The Mavericks are committed to keeping Nicolas Brussino, according to team sources, after the Argentina prospect's strong play in camp. When Brussino was still on Dallas' roster as of 5 p.m. Thursday, his $543,471 rookie salary became fully guaranteed, after just $100,000 was guaranteed to that point. But there was never any danger of Brussino getting cut, sources say.
Tony Snell hasn't even been in Milwaukee for a week, but sources maintain that an extension before the Oct. 31 deadline for Class of 2013 draftees is indeed a possibility for Snell.
It's a more-than-reasonable assumption that active NBA labor talks in October, along with the inevitable uncertainty they generate, have contributed to the fact that we've seen only two extensions done for Class of 2013 draftees in advance of the Halloween deadline.
It's tricky to do new contracts when league rules are about to change.
We covered the extension landscape in detail here last week, so there's no need to rehash all that, but what we can share is a quick refresher course on what we've come to expect extension-wise in October, based on the past four seasons.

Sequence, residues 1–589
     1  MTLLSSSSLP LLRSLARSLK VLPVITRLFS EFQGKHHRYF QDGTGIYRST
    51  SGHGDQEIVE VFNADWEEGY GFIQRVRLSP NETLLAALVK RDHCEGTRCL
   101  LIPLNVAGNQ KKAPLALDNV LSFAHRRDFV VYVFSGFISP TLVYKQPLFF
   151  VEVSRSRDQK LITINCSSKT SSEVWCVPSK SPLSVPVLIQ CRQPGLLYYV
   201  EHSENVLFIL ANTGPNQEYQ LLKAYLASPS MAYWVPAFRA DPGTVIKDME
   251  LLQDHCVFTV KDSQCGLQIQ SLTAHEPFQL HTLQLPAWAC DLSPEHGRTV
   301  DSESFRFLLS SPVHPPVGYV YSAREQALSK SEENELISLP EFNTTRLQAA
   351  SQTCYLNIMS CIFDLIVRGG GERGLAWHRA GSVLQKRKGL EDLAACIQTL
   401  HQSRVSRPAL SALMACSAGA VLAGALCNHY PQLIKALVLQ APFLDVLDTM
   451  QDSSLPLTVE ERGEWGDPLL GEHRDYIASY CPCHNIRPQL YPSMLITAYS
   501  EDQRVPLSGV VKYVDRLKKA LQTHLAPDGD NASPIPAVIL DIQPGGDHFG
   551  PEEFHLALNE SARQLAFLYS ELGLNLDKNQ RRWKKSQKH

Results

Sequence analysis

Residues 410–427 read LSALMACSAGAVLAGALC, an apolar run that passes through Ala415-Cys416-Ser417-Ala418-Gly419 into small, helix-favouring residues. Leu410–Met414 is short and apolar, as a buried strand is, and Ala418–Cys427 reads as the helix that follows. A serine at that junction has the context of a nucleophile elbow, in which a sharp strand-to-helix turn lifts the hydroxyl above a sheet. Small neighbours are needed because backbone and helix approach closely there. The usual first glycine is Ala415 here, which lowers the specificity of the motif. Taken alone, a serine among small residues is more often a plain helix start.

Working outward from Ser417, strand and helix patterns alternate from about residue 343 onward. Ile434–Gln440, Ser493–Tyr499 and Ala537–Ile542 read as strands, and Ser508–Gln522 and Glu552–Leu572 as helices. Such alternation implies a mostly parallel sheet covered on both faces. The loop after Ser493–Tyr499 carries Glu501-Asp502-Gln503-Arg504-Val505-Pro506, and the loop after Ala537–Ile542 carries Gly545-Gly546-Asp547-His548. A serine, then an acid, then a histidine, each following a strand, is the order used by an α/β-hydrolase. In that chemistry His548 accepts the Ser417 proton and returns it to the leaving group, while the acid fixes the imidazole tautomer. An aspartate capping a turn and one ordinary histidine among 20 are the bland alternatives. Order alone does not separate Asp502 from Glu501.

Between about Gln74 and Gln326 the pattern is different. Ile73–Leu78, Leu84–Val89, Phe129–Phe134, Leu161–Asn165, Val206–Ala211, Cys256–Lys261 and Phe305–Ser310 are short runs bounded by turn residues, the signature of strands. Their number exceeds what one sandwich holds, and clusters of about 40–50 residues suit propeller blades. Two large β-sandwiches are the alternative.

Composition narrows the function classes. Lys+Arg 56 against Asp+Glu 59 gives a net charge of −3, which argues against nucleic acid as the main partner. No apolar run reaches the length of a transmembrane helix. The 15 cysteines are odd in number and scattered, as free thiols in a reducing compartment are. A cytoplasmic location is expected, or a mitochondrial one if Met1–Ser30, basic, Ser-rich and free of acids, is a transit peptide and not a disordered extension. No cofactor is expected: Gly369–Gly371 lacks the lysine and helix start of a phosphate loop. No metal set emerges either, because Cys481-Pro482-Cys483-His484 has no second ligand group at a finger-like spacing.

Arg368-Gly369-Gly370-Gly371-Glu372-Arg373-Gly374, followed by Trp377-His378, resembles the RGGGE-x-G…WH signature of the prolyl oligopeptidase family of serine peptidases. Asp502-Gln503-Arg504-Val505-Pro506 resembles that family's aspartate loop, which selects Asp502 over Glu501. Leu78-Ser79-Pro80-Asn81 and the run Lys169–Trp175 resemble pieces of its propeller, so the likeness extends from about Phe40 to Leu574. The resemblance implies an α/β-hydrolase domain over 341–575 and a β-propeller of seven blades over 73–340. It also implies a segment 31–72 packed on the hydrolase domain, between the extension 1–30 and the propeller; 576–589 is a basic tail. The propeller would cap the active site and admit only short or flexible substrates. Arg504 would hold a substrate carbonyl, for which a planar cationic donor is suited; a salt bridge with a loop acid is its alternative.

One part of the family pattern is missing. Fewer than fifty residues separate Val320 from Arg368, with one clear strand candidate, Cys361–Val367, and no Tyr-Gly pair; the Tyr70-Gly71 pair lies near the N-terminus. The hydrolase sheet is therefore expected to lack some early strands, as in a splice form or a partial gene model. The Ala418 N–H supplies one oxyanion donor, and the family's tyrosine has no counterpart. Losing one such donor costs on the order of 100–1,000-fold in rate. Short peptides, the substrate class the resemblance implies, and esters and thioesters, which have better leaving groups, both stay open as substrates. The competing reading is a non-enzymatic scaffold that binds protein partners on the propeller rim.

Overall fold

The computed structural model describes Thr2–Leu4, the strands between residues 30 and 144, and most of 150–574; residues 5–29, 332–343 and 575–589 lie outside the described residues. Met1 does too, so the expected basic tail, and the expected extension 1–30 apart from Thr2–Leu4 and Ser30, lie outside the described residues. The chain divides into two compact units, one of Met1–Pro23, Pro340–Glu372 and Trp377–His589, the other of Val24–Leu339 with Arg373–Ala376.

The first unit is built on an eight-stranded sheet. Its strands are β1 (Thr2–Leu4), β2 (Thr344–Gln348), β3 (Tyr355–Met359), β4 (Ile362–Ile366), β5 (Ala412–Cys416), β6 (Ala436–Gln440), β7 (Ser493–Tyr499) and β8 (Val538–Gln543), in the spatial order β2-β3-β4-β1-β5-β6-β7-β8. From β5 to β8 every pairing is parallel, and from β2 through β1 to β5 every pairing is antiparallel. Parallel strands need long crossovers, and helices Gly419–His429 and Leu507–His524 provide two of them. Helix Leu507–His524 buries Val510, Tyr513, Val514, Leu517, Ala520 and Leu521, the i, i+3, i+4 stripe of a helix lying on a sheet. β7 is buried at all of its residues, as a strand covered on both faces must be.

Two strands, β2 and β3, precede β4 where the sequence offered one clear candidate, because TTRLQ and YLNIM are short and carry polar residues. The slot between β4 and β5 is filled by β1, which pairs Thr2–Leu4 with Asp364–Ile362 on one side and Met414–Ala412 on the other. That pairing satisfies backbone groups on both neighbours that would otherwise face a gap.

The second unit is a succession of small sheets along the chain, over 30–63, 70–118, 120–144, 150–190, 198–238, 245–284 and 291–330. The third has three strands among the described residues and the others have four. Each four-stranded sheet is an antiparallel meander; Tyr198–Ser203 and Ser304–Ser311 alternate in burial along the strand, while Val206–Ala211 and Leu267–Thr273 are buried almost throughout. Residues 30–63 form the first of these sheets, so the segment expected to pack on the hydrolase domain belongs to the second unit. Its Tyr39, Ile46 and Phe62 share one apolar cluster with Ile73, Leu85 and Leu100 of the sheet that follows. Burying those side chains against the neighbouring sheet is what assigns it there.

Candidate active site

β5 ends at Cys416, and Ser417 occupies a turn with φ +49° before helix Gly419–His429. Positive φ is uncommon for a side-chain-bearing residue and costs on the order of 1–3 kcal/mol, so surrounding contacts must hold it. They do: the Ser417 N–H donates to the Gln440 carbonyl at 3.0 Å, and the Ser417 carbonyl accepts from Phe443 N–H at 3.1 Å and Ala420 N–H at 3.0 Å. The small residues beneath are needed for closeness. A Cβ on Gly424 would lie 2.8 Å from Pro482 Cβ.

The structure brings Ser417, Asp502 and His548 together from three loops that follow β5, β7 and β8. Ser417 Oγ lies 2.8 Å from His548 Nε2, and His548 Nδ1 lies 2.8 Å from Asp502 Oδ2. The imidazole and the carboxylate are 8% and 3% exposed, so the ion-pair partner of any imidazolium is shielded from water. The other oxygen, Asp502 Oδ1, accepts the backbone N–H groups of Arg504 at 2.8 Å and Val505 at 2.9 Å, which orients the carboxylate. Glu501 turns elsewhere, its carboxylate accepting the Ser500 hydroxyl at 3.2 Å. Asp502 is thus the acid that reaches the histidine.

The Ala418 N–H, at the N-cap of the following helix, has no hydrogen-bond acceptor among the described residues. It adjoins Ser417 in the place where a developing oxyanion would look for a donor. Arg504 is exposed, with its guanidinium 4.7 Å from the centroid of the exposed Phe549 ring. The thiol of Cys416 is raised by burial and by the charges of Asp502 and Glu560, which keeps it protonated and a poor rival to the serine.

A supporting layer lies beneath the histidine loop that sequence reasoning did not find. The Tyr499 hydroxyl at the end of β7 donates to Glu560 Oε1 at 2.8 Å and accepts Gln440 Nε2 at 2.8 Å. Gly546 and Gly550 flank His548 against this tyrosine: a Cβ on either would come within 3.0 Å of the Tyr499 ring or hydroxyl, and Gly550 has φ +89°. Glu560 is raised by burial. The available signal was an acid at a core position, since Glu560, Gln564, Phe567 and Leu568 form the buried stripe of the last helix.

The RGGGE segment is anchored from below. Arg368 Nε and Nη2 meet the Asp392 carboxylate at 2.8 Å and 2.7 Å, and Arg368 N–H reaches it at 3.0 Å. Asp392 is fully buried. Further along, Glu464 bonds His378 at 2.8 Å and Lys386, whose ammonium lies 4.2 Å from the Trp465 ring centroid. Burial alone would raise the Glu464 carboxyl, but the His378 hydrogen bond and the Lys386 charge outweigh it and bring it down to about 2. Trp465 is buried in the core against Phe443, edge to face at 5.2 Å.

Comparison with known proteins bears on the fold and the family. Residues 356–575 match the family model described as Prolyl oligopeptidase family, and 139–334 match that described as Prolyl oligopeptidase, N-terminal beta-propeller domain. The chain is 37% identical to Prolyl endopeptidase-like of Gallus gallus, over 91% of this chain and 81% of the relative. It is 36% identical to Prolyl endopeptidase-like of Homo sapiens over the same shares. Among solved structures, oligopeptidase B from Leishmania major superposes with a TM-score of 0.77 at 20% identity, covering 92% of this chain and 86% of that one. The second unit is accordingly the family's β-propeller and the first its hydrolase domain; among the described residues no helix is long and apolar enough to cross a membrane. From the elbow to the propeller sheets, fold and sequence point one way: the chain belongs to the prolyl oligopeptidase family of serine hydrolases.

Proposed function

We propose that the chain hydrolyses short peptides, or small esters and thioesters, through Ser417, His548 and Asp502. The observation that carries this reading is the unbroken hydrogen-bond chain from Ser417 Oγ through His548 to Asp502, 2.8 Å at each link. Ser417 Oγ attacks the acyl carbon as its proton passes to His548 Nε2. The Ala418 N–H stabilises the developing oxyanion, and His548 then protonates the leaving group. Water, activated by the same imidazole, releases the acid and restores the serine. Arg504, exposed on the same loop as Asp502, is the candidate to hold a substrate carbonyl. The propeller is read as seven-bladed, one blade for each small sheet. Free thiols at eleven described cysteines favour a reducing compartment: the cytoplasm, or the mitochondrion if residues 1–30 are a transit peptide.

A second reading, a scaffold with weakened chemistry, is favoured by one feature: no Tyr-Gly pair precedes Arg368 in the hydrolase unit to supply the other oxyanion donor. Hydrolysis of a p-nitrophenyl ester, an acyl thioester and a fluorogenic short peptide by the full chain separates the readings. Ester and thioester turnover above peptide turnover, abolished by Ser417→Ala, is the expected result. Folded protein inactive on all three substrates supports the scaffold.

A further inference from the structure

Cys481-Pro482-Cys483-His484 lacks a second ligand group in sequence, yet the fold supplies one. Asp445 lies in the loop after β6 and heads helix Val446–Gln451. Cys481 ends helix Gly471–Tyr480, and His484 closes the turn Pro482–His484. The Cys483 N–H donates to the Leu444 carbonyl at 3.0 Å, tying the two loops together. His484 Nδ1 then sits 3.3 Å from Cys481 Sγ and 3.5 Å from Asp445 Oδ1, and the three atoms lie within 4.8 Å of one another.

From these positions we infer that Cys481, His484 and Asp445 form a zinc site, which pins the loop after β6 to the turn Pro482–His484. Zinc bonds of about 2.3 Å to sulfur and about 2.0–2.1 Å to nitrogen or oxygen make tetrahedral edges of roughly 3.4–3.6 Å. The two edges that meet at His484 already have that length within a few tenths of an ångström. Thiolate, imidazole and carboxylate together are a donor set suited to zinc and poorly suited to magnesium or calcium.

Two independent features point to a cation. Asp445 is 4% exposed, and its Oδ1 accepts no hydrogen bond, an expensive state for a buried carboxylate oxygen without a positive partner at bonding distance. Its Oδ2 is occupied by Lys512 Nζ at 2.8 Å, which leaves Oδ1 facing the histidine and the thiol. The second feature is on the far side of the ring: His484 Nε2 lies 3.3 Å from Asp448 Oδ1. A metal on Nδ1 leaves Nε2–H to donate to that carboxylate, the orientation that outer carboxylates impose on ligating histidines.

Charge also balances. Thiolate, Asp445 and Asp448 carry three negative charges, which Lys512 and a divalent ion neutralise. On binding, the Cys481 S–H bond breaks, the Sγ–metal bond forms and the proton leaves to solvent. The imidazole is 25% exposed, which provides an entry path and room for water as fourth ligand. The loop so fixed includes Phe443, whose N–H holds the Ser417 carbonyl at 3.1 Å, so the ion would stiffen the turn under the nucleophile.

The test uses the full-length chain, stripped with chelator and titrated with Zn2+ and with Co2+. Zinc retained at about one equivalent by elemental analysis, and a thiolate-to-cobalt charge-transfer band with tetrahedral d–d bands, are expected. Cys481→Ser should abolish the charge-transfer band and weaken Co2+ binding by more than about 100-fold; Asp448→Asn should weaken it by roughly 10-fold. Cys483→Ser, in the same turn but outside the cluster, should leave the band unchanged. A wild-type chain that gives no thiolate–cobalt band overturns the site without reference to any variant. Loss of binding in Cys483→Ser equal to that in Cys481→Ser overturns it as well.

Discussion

Portland's Damian Lillard (5 years, $140 million)
New Orleans' Anthony Davis (5 years, $127.2 million)
Toronto's Jonas Valanciunas (4 years, $64 million)
Charlotte's Michael Kidd-Gilchrist (4 years, $52 million)
Milwaukee's John Henson (4 years, $45 million)
Toronto's Terrence Ross (3 years, $31 million)
Charlotte's Jeremy Lamb (3 years, $21 million)
Golden State's Klay Thompson (4 years, $69 million)
Minnesota's Ricky Rubio (4 years, $55 million)
Denver's Kenneth Faried (4 years, $50 million)
Charlotte's Kemba Walker (4 years, $48 million)
Orlando's Nikola Vucevic (4 years, $48 million)
Utah's Alec Burks (4 years, $42 million)
Phoenix's Markieff Morris (4 years, $32 million)
Phoenix's Marcus Morris (4 years, $20 million)
Indiana's Paul George (5 years, $91.6 million)
Washington's John Wall (5 years, $84.8 million)
Sacramento's DeMarcus Cousins (4 years, $61 million)
Utah's Derrick Favors (4 years, $47.7 million)
Milwaukee's Larry Sanders (4 years, $44 million)
Memphis' Quincy Pondexter (4 years, $14 million)
Los Angeles Clippers' Blake Griffin (5 years, $95 million)
Houston's James Harden (5 years, $78.8 million)
Oklahoma City's Serge Ibaka (4 years, $49.4 million)
Denver's Ty Lawson (4 years, $48 million)
Golden State's Stephen Curry. (4 years, $44 million)
Philadelphia's Jrue Holiday (4 years, $43 million)
Toronto's DeMar DeRozan (4 years, $38 million)
Chicago's Taj Gibson (4 years, $33 million)